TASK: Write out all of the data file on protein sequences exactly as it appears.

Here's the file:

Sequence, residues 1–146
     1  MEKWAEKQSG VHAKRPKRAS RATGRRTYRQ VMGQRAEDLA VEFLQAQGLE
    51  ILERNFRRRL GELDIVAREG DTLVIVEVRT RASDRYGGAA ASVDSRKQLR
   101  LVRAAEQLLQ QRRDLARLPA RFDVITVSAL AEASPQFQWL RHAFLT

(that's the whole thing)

Sequence, residues 1–146
     1  MEKWAEKQSG VHAKRPKRAS RATGRRTYRQ VMGQRAEDLA VEFLQAQGLE
    51  ILERNFRRRL GELDIVAREG DTLVIVEVRT RASDRYGGAA ASVDSRKQLR
   101  LVRAAEQLLQ QRRDLARLPA RFDVITVSAL AEASPQFQWL RHAFLT